We’re heading in the wrong direction at an accelerating rate because there’s been a breakdown of moral fiber in society. People, in general, no longer understand what’s right and what’s wrong—or what’s good and what’s evil. They’re taking less responsibility for their individual lives and what happens around them.

We’ve gone from a high-trust society, where you didn’t need to lock your car or your front door, to a low-trust society, where everybody is constantly observed, and security is of critical importance.

At the same time, the country has generally gone from having low time preferences and being future-oriented to high time preferences; “I want it all, and I want it now.” They’re not as future-oriented as they once were.

Going back to the question of moral fiber breakdown, the economic observer Thorstein Veblen coined the phrase “conspicuous consumption.” People wanted to show off expensive cars and clothes to advertise to other people that they were more successful. But now, because of all the debt in society, anyone can have a nice car. And nobody even cares about nice clothes anymore; everybody wears the equivalent of T-shirts and jeans.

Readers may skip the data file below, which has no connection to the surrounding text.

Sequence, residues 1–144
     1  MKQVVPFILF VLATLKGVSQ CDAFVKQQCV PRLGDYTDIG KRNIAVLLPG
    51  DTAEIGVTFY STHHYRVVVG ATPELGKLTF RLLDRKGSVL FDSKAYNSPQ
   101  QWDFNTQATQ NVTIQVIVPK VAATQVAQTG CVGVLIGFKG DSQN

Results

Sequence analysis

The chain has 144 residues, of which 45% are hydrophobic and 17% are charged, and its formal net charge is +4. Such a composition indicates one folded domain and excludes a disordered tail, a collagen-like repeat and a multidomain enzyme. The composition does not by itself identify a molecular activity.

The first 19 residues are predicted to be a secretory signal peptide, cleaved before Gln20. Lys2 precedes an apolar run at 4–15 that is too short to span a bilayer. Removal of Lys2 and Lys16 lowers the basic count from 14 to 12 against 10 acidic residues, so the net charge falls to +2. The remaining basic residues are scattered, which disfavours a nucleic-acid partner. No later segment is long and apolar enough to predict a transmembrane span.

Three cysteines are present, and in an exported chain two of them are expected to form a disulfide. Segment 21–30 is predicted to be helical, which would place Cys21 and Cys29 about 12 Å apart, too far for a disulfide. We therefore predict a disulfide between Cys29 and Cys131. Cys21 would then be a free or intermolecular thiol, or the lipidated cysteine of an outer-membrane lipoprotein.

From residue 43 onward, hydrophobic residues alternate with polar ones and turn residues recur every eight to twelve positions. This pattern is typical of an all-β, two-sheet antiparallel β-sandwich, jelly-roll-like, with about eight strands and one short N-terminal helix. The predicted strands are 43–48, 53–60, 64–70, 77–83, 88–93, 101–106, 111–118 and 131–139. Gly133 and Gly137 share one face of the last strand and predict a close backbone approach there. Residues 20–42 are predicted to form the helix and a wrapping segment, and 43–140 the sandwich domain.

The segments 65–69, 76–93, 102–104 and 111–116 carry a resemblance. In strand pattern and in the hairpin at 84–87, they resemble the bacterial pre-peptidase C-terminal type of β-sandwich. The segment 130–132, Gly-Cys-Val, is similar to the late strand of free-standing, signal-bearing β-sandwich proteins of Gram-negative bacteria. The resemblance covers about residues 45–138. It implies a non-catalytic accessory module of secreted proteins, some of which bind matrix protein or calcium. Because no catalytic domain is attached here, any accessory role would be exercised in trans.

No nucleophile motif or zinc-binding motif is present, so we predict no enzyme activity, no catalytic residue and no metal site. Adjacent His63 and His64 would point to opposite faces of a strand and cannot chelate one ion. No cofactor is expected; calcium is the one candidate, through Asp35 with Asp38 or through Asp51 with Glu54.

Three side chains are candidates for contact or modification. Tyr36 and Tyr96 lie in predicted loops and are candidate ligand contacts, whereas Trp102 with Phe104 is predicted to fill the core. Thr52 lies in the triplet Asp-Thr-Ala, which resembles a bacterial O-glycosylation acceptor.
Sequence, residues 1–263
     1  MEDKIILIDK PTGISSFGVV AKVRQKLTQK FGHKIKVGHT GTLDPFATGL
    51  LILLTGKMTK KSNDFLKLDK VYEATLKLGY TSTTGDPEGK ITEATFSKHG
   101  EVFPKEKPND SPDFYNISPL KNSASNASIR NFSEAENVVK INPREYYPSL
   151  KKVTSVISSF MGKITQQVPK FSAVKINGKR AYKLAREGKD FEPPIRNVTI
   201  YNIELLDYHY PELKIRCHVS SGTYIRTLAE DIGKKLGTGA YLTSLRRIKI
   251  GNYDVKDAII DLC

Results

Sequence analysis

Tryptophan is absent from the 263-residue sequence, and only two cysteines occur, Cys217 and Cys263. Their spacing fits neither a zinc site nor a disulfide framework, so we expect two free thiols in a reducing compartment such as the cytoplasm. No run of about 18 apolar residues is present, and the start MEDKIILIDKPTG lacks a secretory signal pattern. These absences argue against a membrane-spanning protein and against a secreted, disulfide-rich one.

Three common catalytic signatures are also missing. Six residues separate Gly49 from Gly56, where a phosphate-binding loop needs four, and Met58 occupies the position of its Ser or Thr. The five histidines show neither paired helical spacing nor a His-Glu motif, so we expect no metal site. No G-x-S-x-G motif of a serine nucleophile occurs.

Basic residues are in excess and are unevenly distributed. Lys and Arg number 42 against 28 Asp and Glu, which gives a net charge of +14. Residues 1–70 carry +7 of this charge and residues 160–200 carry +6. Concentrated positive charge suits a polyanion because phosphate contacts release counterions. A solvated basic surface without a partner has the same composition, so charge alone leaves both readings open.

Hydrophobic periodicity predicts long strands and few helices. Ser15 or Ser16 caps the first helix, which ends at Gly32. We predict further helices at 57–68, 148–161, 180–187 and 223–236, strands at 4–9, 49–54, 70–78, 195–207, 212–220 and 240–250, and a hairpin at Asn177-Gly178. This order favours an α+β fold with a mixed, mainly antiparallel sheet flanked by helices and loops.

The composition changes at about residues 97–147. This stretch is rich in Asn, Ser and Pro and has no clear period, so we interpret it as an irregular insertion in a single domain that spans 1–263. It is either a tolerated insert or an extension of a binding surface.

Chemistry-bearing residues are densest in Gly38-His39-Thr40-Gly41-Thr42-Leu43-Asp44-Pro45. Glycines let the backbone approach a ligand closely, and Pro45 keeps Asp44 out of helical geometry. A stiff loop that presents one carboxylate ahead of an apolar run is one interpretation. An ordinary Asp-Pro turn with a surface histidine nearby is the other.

The trendsetters have moved from owning and displaying frivolous goods to displaying frivolous ideas—like Wokeism. Everybody is adopting those ideas, to show that they’re hip, in-the-know, and part of the cognoscenti. In the past, adopting the conspicuous consumption lifestyles of their betters would only make them poor. Adopting these degenerate ideas makes them stupid and immoral—which is much worse.